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Bodum USA, Inc. v. A Top New Casting Inc.

United States District Court, N.D. Illinois, Eastern Division

December 28, 2017

BODUM USA, INC., Plaintiff,
v.
A TOP NEW CASTING, INC., Defendant.

          MEMORANDUM OPINION AND ORDER

          MATTHEW F. KENNELLY, District Judge

         Bodum USA, Inc. (Bodum) has sued A Top New Casting, Inc. (A Top) for trade dress infringement. Bodum alleges that A Top infringed its CHAMBORD® trade dress by promoting and selling a French press coffeemaker that is confusingly similar to Bodum's own CHAMBORD® coffeemaker. A Top has moved to exclude the testimony and survey evidence of Bodum's experts and for summary judgment on three separate grounds: (1) Bodum's claimed trade dress is functional, (2) there is no likelihood of confusion, and (3) Bodum's claimed trade dress has no secondary meaning. For the reasons stated below, the Court denies A Top's motions.

         Background

         A French press, or coffee press, is a non-electric, manually-operated coffeemaker. To brew coffee in a French press, the user places ground coffee into the container and adds boiling or near-boiling water. After a few minutes, the user presses the coffee grounds to the bottom of the container with a piston or "plunger, " thereby separating the grounds from the liquid coffee.

         Bodum's claimed CHAMBORD® trade dress is the "overall design" of the Chambord French press coffeemaker. Compl. ¶ 11. Features of the CHAMBORD® trade dress claimed by Bodum include the frame, feet, handle, lid, safety lid, and the carafe and plunger. Bodum alleges that A Top's Chrome SterlingPro coffeemaker is confusingly similar to the CHAMBORD® coffeemaker[1] in overall appearance. Both products are sold nationwide for under fifty dollars on Amazon.com.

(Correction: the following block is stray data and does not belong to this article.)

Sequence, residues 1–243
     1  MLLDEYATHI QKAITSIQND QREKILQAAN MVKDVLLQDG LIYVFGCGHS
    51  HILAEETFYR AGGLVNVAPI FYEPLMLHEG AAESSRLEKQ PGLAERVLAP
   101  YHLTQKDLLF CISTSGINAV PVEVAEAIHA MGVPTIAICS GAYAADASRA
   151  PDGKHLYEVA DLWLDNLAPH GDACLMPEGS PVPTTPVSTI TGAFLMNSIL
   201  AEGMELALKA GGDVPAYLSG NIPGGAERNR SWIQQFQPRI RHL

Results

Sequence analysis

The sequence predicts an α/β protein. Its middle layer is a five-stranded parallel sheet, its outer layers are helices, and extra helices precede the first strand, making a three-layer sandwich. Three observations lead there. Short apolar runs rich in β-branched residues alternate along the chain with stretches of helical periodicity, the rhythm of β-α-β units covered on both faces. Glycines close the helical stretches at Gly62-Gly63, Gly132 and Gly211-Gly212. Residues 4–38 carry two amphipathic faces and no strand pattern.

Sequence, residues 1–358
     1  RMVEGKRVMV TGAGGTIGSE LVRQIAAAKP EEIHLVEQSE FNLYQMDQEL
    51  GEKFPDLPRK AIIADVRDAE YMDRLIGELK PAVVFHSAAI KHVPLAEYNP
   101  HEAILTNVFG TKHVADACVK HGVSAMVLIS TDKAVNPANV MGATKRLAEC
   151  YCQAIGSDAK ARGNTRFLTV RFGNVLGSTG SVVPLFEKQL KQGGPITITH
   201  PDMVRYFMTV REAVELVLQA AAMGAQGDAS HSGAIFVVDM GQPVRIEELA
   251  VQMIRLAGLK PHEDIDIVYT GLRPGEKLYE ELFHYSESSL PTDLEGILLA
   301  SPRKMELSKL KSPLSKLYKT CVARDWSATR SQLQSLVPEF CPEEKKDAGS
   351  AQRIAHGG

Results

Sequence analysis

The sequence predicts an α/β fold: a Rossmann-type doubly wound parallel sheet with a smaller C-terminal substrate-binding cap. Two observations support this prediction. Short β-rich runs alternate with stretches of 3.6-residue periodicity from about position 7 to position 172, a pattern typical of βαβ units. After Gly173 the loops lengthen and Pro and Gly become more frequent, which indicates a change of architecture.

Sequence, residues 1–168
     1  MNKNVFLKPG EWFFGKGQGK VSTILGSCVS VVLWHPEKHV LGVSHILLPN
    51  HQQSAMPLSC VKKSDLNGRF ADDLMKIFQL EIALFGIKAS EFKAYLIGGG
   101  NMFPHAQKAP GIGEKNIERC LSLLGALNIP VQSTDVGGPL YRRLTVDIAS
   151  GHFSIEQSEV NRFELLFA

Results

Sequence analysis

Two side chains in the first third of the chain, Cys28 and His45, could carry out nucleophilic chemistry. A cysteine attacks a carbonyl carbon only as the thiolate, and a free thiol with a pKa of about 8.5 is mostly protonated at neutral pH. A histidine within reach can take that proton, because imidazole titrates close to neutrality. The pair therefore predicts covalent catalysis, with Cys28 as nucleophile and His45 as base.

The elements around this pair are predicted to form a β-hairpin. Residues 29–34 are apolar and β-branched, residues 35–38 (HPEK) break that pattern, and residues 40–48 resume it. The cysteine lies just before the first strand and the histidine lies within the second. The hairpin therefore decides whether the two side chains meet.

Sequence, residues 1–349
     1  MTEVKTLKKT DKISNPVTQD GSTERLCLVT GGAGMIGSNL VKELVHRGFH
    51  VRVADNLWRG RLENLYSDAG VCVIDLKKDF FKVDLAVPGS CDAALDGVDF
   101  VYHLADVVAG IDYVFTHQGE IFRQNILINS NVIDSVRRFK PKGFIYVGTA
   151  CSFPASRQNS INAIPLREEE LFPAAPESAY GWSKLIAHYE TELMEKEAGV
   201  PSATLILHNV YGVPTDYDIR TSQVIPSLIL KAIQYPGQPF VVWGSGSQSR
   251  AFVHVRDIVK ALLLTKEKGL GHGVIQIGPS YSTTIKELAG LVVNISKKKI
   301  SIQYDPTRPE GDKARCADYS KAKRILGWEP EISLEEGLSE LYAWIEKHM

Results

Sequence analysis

The CHAMBORD® was the first French press-style coffeemaker model of its kind to be sold in Europe and the United States. Bodum's predecessor began selling the CHAMBORD® French press in the United States in 1968. In 1983, Bodum became the exclusive distributor of CHAMBORD® coffeemakers in the United States, and it has continued to promote, advertise, and sell CHAMBORD® coffeemakers in the United States since that time. Bodum acquired the rights to the CHAMBORD® design in 1991. Bodum has promoted the CHAMBORD® French press and other products through catalogs, television and radio advertising, advertisements in trade and general circulation newspapers and magazines, internet marketing, exhibitions at housewares shows, and use of its sales force.

         The CHAMBORD® coffeemaker has consistently been one of Bodum's best-selling products. Between January 1, 1990 and June 30, 1997, Bodum sold over 350, 000 CHAMBORD® coffeemakers, accounting for millions of dollars in sales. Annual sales approximately tripled from 1996 to 2005, and from January 2005 through December 2016, Bodum sold over five million CHAMBORD® coffeemakers in the United States. In addition to its Amazon.com sales, Bodum has sold the CHAMBORD® French press to a number of major retailers, including Starbucks, Target, Walmart, Crate & Barrel, and Macy's.

         Over the years, a number of competitors have promoted and offered for sale coffeemakers that closely resemble Bodum's CHAMBORD® French press. Since 1995, Bodum has sent over 50 cease-and-desist letters regarding the CHAMBORD® trade dress, and it has filed 14 lawsuits, including this one.

         Industrial designer Robert Anders prepared an expert report for Bodum regarding its product design based on his examination of a number of coffee press products, including Bodum's CHAMBORD® "The Original French Press Bodum" and two similar versions of A Top's SterlingPro.[2] Anders evaluated the CHAMBORD® product design first by categorizing the features as either functional or non-functional and then by identifying the non-functional features as dominant, sub dominant, and subordinate design elements. He concluded that the overall appearance or design of Bodum's CHAMBORD® coffeemaker is "not based on 'de jure' functionality [sic] features, and is therefore entitled to trade dress protection." Pasternak Decl., Sept. 22, 2017, Ex. 3 (Anders Report) ¶ 24. He also concluded that there is a "significant opportunity for a likelihood of confusion" between both versions of the SterlingPro and "The Original French Press Bodum" trade dress based on the products' overall appearance. Id. ¶ 61.